Ridley Scott’s new film is a lot less impressive. It will probably go on to be really only remembered for being the first one to remove all Kevin Spacey’s scenes and replace them with re-shoots using Christopher Plummer. Plummer plays J. Paul Getty, who by the 1970s is the richest man ever to have lived. In Italy, a group of terrorists take Getty’s grandson (Charlie Plummer) hostage, expecting that his grandfather will pay a ransom, only to find out that he refuses.
The main problem with the film is a lack of focus. It isn’t clear whether the intention is to show the old man’s story, or the story of the kidnap. As a result, we have a lot of back story for the former, most of which isn’t necessary – we get it, he is rich, greedy and ruthless – and really no tension built up round the latter. Even when he eludes his kidnappers for a while, the thrills do not emerge.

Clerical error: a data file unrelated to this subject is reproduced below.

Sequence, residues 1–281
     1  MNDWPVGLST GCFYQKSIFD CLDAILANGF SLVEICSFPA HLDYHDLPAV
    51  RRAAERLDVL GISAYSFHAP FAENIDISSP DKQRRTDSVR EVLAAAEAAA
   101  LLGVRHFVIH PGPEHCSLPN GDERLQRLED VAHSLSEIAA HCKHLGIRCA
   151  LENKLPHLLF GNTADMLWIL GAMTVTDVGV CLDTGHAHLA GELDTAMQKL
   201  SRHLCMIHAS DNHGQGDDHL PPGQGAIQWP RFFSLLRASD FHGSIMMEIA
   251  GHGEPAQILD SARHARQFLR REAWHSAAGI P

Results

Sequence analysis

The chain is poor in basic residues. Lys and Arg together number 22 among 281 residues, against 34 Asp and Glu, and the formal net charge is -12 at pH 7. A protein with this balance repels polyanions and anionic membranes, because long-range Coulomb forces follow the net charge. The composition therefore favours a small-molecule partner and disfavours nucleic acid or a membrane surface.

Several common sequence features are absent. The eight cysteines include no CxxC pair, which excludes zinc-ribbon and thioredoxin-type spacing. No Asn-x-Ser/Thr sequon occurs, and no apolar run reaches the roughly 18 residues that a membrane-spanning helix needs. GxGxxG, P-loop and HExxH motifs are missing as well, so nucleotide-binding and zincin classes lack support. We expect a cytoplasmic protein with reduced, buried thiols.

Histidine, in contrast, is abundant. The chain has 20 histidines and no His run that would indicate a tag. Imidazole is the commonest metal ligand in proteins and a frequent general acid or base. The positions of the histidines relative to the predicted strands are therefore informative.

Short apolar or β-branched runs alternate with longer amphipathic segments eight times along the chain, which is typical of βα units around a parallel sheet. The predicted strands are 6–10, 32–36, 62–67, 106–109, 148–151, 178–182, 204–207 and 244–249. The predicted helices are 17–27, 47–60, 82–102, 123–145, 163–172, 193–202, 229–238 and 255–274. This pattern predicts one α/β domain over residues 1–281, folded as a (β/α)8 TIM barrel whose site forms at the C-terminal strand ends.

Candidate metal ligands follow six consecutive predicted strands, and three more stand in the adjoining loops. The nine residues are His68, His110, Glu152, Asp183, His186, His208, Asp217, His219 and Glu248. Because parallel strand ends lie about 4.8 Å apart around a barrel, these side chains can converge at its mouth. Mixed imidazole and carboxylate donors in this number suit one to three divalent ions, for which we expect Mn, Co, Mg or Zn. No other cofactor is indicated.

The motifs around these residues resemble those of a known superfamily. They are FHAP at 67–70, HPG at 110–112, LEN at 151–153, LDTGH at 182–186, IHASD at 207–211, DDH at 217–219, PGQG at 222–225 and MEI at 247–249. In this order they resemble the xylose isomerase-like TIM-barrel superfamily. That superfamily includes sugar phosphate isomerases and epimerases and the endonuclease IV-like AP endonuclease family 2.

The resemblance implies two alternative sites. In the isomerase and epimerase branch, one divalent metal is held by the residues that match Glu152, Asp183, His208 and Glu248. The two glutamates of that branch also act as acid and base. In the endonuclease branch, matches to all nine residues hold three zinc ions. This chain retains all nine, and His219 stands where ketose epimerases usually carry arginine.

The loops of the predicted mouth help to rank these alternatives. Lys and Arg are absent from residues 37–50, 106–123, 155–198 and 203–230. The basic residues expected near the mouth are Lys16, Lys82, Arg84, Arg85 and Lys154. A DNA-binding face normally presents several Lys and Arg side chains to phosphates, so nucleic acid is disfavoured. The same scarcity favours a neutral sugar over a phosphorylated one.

The movie is competently enough put together, as you would expect from Scott but it is just relentlessly average. Of the performers, Christopher Plummer shows that he was probably the better choice for the role all along and Michelle Williams is particularly good as the boy’s mother. Charlie Plummer has little to work with and Mark Wahlberg’s fixer character doesn’t ring true.
Rating: 6 out of 10